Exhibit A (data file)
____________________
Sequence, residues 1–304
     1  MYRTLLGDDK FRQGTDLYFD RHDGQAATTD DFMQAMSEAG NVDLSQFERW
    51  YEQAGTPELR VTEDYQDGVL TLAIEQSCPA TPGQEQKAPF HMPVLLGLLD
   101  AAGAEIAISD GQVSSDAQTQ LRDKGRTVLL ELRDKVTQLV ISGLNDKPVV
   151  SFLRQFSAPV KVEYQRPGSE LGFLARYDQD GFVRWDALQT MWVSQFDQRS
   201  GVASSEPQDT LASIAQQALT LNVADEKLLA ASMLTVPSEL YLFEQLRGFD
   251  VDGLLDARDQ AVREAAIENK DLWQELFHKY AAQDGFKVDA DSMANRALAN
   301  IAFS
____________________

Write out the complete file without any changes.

Sequence, residues 1–304
     1  MYRTLLGDDK FRQGTDLYFD RHDGQAATTD DFMQAMSEAG NVDLSQFERW
    51  YEQAGTPELR VTEDYQDGVL TLAIEQSCPA TPGQEQKAPF HMPVLLGLLD
   101  AAGAEIAISD GQVSSDAQTQ LRDKGRTVLL ELRDKVTQLV ISGLNDKPVV
   151  SFLRQFSAPV KVEYQRPGSE LGFLARYDQD GFVRWDALQT MWVSQFDQRS
   201  GVASSEPQDT LASIAQQALT LNVADEKLLA ASMLTVPSEL YLFEQLRGFD
   251  VDGLLDARDQ AVREAAIENK DLWQELFHKY AAQDGFKVDA DSMANRALAN
   301  IAFS